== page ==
Webloyalty, an online marketing services company, has acquired San Francisco-based online payment platform company Lift Media. Terms of the deal were not disclosed.
Webloyalty, based in Norwalk, CT, said the deal would help reduce shopping cart abandonment and elevate purchase conversion rates for its online retail clients.
Rick Fernandes, Webloyalty CEO and co-founder, said the synergy between the two companies’ infrastructure and technology will help online retailers convert online window shoppers into paying customers.
“This will get people to finish the transaction, because people love a good deal,” he explained.
Webloyalty works with about 150 e-commerce sites in the US to help increase incremental revenue and repeat purchases, according Fernandes.
Lift Media’s payment platform, CheckoutFree, gives online consumers the option to receive products or services for free or at discounted prices by agreeing to buy or sample other products offered by various advertisers.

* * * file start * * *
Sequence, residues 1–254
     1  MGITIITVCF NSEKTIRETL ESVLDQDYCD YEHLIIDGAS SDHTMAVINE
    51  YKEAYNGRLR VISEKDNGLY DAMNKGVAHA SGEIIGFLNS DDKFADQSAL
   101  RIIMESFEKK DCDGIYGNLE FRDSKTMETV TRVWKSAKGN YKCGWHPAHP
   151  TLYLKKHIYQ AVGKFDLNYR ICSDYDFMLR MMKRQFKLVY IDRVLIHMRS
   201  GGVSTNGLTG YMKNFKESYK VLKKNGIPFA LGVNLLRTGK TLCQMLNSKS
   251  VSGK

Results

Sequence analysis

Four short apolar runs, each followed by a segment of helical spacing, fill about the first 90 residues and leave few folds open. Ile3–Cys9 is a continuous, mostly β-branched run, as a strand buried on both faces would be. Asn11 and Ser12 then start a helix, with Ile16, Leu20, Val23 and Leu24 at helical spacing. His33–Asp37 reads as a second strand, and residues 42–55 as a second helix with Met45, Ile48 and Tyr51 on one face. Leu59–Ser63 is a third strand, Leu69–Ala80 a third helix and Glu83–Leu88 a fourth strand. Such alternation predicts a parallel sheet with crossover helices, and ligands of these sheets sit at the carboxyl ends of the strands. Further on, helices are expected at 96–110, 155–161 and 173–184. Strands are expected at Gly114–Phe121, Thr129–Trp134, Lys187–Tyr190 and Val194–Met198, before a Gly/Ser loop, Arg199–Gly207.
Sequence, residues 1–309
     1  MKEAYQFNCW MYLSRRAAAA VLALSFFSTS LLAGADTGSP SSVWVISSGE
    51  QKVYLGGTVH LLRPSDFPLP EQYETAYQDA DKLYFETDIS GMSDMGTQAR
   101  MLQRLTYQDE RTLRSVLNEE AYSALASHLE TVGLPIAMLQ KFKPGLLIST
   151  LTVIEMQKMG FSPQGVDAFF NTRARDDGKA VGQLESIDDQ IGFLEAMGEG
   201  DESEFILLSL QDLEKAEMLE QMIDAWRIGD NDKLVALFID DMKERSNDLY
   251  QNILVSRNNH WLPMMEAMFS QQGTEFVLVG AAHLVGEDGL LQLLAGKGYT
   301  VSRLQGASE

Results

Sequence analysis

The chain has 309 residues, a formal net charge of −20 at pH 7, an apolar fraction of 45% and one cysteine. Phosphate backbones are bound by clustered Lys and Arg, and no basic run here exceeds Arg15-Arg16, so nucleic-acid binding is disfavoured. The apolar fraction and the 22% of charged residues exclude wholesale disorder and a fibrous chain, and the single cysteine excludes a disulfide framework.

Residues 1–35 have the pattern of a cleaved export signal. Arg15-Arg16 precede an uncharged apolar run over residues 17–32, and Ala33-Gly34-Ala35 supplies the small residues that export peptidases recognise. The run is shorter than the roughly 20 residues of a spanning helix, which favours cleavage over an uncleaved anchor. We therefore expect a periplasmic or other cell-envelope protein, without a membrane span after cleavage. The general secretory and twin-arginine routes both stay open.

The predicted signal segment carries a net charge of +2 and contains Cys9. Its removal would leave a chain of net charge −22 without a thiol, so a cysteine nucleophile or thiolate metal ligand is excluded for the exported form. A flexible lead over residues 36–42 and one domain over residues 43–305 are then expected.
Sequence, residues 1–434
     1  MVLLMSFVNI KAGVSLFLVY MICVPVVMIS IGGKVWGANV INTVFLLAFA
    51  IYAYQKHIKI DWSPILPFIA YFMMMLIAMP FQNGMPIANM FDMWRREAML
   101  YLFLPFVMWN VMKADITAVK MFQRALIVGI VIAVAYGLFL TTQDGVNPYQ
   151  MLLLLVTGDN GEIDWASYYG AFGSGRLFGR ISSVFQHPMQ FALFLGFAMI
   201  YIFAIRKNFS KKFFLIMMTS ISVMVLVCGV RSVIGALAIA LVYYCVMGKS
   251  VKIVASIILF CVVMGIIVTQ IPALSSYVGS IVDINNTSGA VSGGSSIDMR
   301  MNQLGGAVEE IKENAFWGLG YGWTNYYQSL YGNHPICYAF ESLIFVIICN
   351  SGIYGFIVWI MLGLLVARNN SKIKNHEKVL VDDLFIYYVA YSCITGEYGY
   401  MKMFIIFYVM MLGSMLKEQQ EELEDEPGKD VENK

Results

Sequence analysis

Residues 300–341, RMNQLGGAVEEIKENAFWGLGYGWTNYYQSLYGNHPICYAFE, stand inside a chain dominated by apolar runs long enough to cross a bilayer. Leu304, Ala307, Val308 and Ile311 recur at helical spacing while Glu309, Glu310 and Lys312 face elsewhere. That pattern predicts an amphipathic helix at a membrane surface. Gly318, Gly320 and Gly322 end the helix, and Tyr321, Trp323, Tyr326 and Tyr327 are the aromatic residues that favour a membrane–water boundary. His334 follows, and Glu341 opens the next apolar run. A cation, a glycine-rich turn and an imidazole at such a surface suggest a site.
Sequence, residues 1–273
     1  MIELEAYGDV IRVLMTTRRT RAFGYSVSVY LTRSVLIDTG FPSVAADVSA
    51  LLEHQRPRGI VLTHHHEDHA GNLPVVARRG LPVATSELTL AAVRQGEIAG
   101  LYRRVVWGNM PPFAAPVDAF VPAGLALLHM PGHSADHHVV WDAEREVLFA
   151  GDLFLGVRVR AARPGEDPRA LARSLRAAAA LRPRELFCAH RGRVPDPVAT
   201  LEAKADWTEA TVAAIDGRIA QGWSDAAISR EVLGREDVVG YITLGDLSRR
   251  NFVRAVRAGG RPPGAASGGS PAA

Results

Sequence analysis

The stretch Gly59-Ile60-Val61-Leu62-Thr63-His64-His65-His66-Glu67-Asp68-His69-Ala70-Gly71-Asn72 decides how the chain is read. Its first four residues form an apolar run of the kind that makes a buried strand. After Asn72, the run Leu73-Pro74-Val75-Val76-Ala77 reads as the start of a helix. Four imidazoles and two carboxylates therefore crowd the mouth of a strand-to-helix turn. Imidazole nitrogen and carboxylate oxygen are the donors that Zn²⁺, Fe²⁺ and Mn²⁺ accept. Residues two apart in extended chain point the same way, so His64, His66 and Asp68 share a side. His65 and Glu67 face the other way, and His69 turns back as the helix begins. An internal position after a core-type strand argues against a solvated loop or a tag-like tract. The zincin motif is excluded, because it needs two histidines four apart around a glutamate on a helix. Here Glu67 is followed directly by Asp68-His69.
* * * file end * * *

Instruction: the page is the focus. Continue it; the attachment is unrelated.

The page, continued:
Lift Media will now be a division within Webloyalty, with its CEO, Jonathan Murray, leading the division.
Fernandes said the company plans on hiring between 10 and 20 new employees by the end of the year to help fill out the new division.
He noted that Webloyalty had hired an outside firm to poll its clients about their needs, and many responded that a priority was to reduce shopping cart abandonment.
The company then thought about building its own division to handle this, but found it easier and more time-efficient to acquire an existing company.
“Webloyalty partners closely with its clients. We listen and respond to their business needs. Feedback from our partners was a key factor in driving our decision to make this strategic acquisition,” said Fernandes.
Lift Media’s proprietary optimization engine matches consumers to the most relevant offers by analyzing general information on the consumer, the product being purchased and the size of the purchase, said Murray.
“All of our existing and potential clients will benefit from our mutual commitments to increase conversation rates and diminish shopping cart abandonment,” said Murray.